The Famous Argument on Collagen Synthesis
3 December 2019 onur
All those trivial, useless rejuvenation and beautification products/services available on the market have one thing in common: the claim that they act by allegedly “boosting collagen synthesis“.
“Device X has just been launched. You just take 6 sessions, and then your skin is tight and there is no need for surgery. Brilliant!”
“But how is that possible? How does it make such an effect?”
“Oh, my dear, it has been shown in scientific studies that ‘it boosts collagen synthesis’.
They say cream/peeling/mesotherapy Y is very effective and boosts collagen synthesis in the skin.
In Technique Z, they lay 100 surgical threads under the skin, and as they are absorbed, they will boost collagen synthesis over time, and everything will be awesome!”
Collagen is one of the basic building blocks in the body. It looks like the 3×2 rectangular piece that is available in all LEGO sets. It is commonly found in all organs as it is a basic building material that you can find in skin, bone, cartilage, brain, heart and intestines – almost everywhere in the body. It is such an essential building material that the body has to regenerate this protein at the healing site as all tissues heal.
Within the original structure of the body, these LEGO pieces exist within a certain organization. Organization is way more important than quantity. Think of tissue architecture as a castle made of LEGO pieces. Once the body is injured, that castle will never be the same as the original. The body will of course repair the tissue, but there will always be a deficiency, a defect or a deformity.
During the healing process, the body first piles 1000 units of 3×2 rectangular LEGO pieces on the carpet in the living room, then uses them to functionally repair the original structure and finally removes the excess LEGO pieces.
The tissue thickness of the skin is greater at younger ages. Inside that thickness is more cells, more vessels, more protein (collagen, elastin, glycosaminoglycans and many others), more fat and more water. We’ve known this for a hundred years. All these components decrease during the aging process. The reduction of these components is not the cause but the result of aging. Externally administering cells and proteins to the skin does not rejuvenate the skin, nor does it reverse the aging process.
Therefore, increasing the amount of collagen in the skin or subcutaneous tissues per se does not mean the rejuvenation of the skin.
I would like to explain the situation with a very clear example for those who are not scientifically apt.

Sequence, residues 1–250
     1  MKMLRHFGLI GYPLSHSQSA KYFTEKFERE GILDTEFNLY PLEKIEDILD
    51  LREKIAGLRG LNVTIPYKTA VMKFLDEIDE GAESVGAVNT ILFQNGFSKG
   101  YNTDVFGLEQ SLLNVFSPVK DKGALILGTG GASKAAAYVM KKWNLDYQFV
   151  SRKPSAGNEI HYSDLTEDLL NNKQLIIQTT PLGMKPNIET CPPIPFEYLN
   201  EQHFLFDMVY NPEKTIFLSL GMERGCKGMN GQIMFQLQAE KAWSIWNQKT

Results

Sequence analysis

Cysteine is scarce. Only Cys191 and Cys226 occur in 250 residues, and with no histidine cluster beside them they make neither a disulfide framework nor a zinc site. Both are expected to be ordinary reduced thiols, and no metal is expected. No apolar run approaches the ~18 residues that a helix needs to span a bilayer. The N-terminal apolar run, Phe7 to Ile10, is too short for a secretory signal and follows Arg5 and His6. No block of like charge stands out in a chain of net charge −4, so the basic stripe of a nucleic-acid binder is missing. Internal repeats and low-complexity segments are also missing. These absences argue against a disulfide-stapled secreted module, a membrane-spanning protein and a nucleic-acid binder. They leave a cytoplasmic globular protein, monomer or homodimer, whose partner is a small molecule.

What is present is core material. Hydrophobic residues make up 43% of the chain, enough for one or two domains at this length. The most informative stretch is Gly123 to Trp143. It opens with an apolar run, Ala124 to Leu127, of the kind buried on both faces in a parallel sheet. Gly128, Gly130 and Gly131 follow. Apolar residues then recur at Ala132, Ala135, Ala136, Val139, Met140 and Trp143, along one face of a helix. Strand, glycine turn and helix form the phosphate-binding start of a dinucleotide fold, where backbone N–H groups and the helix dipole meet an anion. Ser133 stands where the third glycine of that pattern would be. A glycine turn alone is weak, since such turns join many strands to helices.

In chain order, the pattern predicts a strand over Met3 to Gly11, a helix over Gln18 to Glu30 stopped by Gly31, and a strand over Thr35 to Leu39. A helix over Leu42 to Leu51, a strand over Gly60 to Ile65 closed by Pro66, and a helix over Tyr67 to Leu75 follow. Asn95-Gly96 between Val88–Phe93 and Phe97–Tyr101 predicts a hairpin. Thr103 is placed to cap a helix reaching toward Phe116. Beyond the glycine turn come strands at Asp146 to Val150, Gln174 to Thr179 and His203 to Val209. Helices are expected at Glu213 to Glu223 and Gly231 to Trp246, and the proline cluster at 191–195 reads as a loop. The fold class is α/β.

Imagine a 10-year-old girl whose face has been entirely burned.
There is tremendous damage to the entire facial skin and subcutaneous tissues. In order to repair this damage, the body sends repair cells called fibroblasts to the injury site. Fibroblasts begin to produce collagen and other connective tissue proteins.
They produce, produce and produce.
Non-stop, in a frenzy, for at least 3 months…
The result is the typically thick, hard, bulging, red burn marks that we see on the face of burn patients.
If you look at the blistered burn marks under the microscope, you will see that they are abound in collagen. There is more collagen than you can imagine, but the picture is far from a young and beautiful skin structure.
In burn patients, these excess collagen levels begin to decrease from the third month. After the third month, the body begins to organize this collagen, which it has piled on the injury site, and turns it into a structurally more stable and stronger layer. This process takes at least 1 or 2 years. Over the following decades, the collagen that accumulates in the tissue gradually decreases, resulting in a tissue architecture that never resembles the original but maintains its vitality.
All cosmetic procedures that cause damage to the skin and subcutaneous tissue (even energy devices, chemicals, foreign bodies, sun rays) trigger a healing process, and collagen synthesis increases as a part of this healing process. When the healing is over, the collagen levels return to normal and even fall below the pre-damage level. If they do not decrease, pathological healing tissues such as hypertrophic scars, keloids and granuloma formation occur.
The body covers all foreign substances placed in or under the skin with a capsule. The key building block in this capsule is collagen – again. It is an extremely romantic approach to look at the increase in collagen that occurs as a result of the body’s defense response to these foreign substances and think that the skin is getting younger.
There is a lot of “pseudoscience”, that is, “misleading science” on this matter. There are numerous studies which administer a substance under the skin, check it under a microscope on month 3 and scientifically show that the skin is thicker, better vascularized and more voluminous, and that the amount of collagen in the skin has increased. Therefore, while launching a product on the market, it is quite easy to say, “It has been shown in scientific studies that it boosts collagen synthesis.”
Based on that, it is claimed that the application brings along a tissue structure similar to that in youth.
This is wrong.
However, almost none of these studies consider it necessary to re-examine whether those 1000 LEGO pieces on the carpet have gained a functional structure or what happens in the same area 1 to 5 years later.
When you hear the phrase ‘collagen boost’, it would be useful to think about whether they are using such terminology that you do not know to try and convince you of or trick you into something.
Otherwise, you cannot complain, saying “I spent a ton of money on that application. I did not have any benefits, but they said it boosted collagen synthesis.”
Keep your collagen to yourself.
Take good care… of yourself and your beauty.